A rare photograph of sisters Bessie (right) and Laura (left) Anstice. Bessie would become Mrs Edward Winnington-Ingram and Laura, Mrs Frederick Lawson, probably taken for the 21st birthday of one of them.
Bewdley is not far from Ribbesford House, once my family’s 'stately' home, felt by the time of this chapter to be such a money-pit white elephant that it was let rather than lived in by the family. Ribbesford was the home of Jane Onslow when she created the 1810 Cookbook (which I self-published as a non-fiction work in 2011 - the book is now out of print).
Jane and her numerous descendants had expensive tastes. The financial penury of the house's upkeep combined with expensive school fees drained the family's considerable resources almost entirely which may explain Edward's penny-pinching nature.
For some reason Bessie’s five children refuse to recede quietly into the past where they belong. I was too little to remember Arthur and Teddy who died young, but grew up calling Maud and Etty my aunts, as did my mother. I recall puzzling over my first attempt at a family tree, aged about seven, before realising that they must be my grandma’s sisters and therefore in reality my great-aunts. My godmother Ann, Teddy's daughter, also felt compelled to write about these five siblings as though she were one of them. They only ever seem to be just beyond my shoulder, out of sight, and I know I look very similar to Maud.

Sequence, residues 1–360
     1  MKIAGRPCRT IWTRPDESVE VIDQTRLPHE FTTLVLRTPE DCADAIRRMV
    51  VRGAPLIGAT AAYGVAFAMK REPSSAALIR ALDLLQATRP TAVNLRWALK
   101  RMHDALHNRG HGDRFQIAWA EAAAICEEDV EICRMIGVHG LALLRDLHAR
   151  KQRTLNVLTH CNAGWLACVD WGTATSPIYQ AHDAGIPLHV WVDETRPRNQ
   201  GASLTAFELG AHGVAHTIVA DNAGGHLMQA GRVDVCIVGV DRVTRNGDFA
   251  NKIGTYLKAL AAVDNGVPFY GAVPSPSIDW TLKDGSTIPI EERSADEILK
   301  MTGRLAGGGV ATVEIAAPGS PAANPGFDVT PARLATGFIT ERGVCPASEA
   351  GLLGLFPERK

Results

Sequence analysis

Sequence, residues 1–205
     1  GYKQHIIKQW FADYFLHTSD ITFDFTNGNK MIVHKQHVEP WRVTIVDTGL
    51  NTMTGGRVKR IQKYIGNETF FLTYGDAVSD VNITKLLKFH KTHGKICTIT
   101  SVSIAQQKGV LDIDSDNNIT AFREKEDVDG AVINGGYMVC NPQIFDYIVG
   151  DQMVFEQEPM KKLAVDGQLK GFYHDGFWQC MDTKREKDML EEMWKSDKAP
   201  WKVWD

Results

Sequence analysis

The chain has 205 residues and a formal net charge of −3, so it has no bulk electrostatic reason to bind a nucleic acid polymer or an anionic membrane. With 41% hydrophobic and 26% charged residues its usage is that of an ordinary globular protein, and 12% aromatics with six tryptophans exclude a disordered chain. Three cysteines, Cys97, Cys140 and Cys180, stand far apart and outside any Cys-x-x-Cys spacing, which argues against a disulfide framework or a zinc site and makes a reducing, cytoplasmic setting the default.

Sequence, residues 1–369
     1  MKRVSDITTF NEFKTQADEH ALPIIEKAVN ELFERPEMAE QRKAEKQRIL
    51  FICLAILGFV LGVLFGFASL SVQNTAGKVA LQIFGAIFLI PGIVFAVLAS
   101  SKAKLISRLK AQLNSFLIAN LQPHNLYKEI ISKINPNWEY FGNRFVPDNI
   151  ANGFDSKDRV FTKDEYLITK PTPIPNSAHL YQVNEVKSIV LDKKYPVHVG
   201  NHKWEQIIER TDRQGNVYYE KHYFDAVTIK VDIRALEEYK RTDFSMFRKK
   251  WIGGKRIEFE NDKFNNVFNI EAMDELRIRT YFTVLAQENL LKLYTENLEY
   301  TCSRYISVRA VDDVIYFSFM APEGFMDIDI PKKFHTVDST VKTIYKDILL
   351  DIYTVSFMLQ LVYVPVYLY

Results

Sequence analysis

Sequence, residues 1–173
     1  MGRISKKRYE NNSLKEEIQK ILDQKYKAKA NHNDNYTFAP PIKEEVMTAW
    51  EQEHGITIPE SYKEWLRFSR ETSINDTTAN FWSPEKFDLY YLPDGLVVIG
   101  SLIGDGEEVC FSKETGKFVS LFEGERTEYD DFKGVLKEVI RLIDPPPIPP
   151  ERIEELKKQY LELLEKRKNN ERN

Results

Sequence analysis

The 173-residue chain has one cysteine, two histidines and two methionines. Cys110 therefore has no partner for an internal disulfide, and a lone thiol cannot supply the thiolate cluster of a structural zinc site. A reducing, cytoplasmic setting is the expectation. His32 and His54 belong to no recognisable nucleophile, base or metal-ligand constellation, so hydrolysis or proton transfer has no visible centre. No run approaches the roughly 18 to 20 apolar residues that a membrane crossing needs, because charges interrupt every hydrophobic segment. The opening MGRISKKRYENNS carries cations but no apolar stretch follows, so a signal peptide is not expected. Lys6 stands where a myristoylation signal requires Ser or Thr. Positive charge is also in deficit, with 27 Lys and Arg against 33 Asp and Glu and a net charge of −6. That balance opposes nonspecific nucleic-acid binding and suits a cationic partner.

In this chapter I visualise Evie bravely trying to soldier on while her world crumbles about her, and she reminds me greatly of my younger daughter Adelaide in this regard.
Etty really did hold that her mother Bessie had died of neglect and I believe she was not far off the mark.
One of the saddest letters in our archive is from Bessie to Laura (Lawson, Mary’s mother) telling her that she had decided to accept Edward’s hand in marriage. ‘I think it is not all parish,’ she writes, hopefully. She was horribly wrong. Clueless Edward took her on honeymoon and marched her around German churches until her feet blistered so badly they bled and from then onwards her life was a hard one, not least the production of a child more or less every year (the hint at her miscarriages is however my own conviction).
There is an autistic gene carried within the male line of our family and I have written the character of Edward as though he may have been affected by this and not, I hope, entirely unsympathetically.
Fact and Fiction
I wrote this scene initially at Ribbesford itself but then found the family had already moved out to the rectory in Bewdley so reworked it. Where I could, I have respected documented dates.
This scene is very real to me, and I still have the pack of hand-painted ‘happy family’ cards which Evie tucks into her pocket.